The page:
Pierre Jean De Smet

January 30, 2017 in Inspirational Jesuits

Since the very formation of the Society of Jesus, members of the order have travelled vast distances to put themselves at the service of others. Pierre-Jean De Smet made it his life’s work to see to the needs of many Native American tribes across the continent.

Pierre-Jean De Smet was born in Dendermonde, in what is today northern Belgium, in 1801. At the age of twenty, he, along with eleven other Belgians, sailed across the Atlantic to join a Jesuit College near Baltimore and begin his novitiate there. From here he moved down to Missouri where a new Jesuit establishment was being founded, and where he was ordained as a priest. It was here that he first came into contact with Native American tribes, and from that time on much of his life was spent travelling across the country to bring Christianity, aid, and council to many of the indigenous peoples.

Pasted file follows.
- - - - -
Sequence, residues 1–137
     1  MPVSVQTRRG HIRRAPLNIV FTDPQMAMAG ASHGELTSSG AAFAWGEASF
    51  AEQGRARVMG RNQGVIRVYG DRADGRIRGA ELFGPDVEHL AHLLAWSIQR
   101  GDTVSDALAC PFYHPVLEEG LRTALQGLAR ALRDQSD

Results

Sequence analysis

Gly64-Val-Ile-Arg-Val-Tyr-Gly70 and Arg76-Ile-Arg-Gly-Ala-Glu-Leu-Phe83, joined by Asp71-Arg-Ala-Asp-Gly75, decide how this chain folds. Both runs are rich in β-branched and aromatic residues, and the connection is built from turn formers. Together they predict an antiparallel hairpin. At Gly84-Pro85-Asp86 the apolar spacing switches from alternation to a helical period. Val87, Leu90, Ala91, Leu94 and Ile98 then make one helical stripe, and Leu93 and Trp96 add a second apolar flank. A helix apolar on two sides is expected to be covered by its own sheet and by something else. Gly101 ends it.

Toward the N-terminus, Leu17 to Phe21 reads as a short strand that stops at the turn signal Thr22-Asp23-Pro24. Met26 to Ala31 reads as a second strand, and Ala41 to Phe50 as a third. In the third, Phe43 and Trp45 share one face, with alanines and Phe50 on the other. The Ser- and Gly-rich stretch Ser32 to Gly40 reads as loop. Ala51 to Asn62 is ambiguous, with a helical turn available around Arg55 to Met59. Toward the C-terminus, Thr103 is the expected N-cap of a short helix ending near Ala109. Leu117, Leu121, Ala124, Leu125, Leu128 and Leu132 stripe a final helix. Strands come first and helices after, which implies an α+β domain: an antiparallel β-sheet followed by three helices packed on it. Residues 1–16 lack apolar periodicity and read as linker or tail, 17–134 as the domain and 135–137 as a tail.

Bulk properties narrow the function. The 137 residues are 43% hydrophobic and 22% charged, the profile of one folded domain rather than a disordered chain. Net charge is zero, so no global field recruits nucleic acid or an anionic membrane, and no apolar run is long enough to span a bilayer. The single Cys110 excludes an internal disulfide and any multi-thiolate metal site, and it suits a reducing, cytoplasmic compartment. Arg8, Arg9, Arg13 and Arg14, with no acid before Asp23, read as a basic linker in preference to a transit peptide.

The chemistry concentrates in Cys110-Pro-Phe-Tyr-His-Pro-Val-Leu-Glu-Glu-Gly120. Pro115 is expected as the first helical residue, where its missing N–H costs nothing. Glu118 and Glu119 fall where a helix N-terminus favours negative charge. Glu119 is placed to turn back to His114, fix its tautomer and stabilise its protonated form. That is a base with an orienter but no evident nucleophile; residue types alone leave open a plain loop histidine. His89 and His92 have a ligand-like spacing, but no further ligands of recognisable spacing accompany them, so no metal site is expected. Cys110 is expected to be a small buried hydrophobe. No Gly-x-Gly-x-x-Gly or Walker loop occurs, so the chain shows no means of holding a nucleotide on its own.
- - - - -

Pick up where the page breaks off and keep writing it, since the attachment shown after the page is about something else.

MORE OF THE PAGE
In Iowa, De Smet founded St Joseph’s, his first mission, among the Potawatomi, and in 1839 he forged a peace negotiation between them and the Sioux, the first of many negotiations he helped build. In the Rocky Mountains to the west, the Salish people had heard of Christianity and sent representatives to seek out a priest to return with them. De Smet agreed and he travelled to Montana where he established St Mary’s Mission in 1841. He returned to Europe in 1842, where he endeavoured to find resources and workers to accompany him. Upon returning to the Rockies he founded another mission, St. Ignatius’, and continued his work, travelling between the many Native American tribes.

De Smet’s competence as a peacemaker and his acceptance among many of the Native American peoples led to his inclusion in peace deals between the American government and different tribes. In 1851 he attended a peace council where chiefs allowed the construction forts and movement along trails through their land, and, most notably, in 1868 he convinced the Hunkpapa Sioux to agree to a treaty allowing the construction of a road across their land, provided the forts were abandoned. Both treaties were violated by the American government. Throughout his life, De Smet is thought to have travelled at least 290,000 kilometres, having sailed back and forth from Europe eight times, and travelled far and wide across North America. Pierre-Jean De Smet died in 1873, at the age of seventy two.